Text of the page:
16 June 2020 //
Many consumer product goods are available in aerosol or pump containers. The convenience, ease of use, extended shelf life and recyclability of aerosols and pumps are major draws for manufacturers, retailers and consumers; however, ingredient properties make handling and packaging challenging. Despite these challenges, shrink bundling has long been considered an ideal packaging solution for the unique challenges presented by aerosols and pumps.
Are you considering shrink bundling? Here are four things you need to know to successfully source and bundle your aerosol or pump package:
1. The Basics
Aerosols use a propellant gas to release a set volume of pressurized fluid in a spray form. Due to increasing environmental concerns and inhalant abuse resulting from the use of propellants, aerosols are slowly being replaced with pumps. As the name suggests, a spray or foam that often has a high percentage of denatured alcohol is released when the pump container is manually pumped. There is no need for a propellant gas.
Regardless of which format is used, it’s imperative that you inform the equipment manufacturer of the product’s ingredients and properties, as well as any applicable regulations and specifications. This information ensures the manufacturer is designing equipment that aligns with your specific needs.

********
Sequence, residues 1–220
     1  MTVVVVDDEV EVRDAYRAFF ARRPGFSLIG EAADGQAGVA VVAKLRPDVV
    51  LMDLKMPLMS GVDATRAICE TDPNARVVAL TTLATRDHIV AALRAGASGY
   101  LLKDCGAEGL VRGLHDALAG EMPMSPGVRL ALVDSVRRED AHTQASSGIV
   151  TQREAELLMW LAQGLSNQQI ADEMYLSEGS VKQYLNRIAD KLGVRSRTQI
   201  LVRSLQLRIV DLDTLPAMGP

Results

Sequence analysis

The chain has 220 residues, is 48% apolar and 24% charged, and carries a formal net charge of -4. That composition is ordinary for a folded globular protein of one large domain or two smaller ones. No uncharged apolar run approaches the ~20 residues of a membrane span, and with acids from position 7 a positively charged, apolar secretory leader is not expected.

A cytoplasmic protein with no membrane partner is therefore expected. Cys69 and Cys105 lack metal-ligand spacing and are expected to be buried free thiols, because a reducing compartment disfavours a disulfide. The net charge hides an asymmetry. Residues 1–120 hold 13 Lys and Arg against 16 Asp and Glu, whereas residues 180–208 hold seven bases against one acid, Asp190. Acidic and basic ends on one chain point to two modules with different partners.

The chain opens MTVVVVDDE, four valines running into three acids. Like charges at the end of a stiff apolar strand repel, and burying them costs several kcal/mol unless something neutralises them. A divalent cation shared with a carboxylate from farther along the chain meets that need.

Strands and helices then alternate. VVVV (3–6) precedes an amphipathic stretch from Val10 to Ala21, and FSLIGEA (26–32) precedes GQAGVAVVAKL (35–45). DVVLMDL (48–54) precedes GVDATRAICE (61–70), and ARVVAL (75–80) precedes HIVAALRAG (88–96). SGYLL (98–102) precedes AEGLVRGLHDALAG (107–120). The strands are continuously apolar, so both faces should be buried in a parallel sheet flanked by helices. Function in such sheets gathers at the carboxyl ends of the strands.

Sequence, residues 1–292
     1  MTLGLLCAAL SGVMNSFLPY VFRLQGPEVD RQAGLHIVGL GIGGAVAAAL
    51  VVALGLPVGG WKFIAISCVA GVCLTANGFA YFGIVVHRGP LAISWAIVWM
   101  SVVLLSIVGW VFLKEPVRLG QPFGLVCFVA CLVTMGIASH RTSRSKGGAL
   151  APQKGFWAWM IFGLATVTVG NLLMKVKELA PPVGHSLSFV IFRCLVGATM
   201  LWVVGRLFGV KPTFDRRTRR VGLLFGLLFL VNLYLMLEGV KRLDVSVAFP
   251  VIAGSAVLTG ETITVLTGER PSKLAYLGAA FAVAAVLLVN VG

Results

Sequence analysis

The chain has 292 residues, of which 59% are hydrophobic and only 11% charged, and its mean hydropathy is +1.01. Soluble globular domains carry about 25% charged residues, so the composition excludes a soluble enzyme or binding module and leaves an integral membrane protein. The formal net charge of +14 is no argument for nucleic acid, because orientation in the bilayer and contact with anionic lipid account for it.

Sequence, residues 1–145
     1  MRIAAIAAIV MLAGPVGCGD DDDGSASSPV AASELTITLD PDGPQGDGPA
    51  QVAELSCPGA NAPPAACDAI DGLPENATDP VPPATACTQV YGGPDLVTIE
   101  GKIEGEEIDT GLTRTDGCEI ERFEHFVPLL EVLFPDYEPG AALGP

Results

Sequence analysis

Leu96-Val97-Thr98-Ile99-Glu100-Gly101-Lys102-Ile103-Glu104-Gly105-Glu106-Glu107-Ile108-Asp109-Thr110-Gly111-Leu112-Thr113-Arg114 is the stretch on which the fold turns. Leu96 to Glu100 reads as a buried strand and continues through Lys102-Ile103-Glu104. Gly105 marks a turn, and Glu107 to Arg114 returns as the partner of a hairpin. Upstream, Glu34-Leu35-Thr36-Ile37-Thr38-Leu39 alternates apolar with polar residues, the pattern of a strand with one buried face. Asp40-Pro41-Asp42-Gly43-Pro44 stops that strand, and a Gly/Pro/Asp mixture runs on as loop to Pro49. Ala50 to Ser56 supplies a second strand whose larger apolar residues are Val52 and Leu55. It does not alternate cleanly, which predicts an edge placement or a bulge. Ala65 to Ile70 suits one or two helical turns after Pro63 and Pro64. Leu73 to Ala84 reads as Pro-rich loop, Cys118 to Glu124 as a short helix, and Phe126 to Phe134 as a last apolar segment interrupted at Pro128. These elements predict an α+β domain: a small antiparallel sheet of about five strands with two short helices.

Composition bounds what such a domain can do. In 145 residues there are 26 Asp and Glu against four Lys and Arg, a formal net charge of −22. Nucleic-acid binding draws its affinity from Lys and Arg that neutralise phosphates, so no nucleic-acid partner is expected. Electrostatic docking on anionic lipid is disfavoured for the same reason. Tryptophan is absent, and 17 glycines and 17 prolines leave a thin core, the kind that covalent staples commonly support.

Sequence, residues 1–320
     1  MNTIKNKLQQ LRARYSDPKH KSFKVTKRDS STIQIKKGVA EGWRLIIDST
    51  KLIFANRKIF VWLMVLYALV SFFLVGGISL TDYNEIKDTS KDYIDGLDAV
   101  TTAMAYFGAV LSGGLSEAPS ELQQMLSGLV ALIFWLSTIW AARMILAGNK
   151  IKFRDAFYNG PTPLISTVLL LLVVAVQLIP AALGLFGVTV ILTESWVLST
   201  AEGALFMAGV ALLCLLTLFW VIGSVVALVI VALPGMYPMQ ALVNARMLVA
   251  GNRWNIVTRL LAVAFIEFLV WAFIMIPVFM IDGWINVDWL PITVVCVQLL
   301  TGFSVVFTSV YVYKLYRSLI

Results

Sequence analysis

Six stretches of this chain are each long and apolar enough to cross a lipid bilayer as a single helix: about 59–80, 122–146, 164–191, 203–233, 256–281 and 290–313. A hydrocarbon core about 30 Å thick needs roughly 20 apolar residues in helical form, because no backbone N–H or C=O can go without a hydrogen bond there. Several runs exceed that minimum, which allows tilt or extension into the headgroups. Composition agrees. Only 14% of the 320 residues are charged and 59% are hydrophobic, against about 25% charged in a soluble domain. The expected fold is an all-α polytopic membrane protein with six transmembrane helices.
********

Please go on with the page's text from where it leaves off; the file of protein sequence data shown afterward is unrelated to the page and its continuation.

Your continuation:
2. Heat and Time
Both aerosol and pump containers are flammable, which prohibits prolonged exposure to high heat. Unlike other packaging processes, shrink bundling heats containers for only a few seconds. This amount of time is not long enough to elevate actual product temperatures. Likewise, to alleviate concerns about products becoming stranded on the line in rare instances, such as during a power outage, redundant air motors should be added to shrink tunnel conveyors.
3. Product Handling
Since the majority of aerosol and pump containers are round and tall, significant handling challenges present themselves. Identifying a machine that offers excellent product handling and control during the collating and wrapping process is crucial. Common equipment designs include a flight bar or side feed automatic bundler.
Unstable ingredient properties and fluctuating production environments may require additional system features to ensure safety in aerosol and pump container shrink bundling. Common design practices include:
- Placing containment guarding made of expanded metal around the shrink tunnel hood, including above and below
- Adding more E-stop button locations
- Integrating CO2 deluge fire suppression systems
- Using shrink tunnel air blast cool down
- Installing a reject station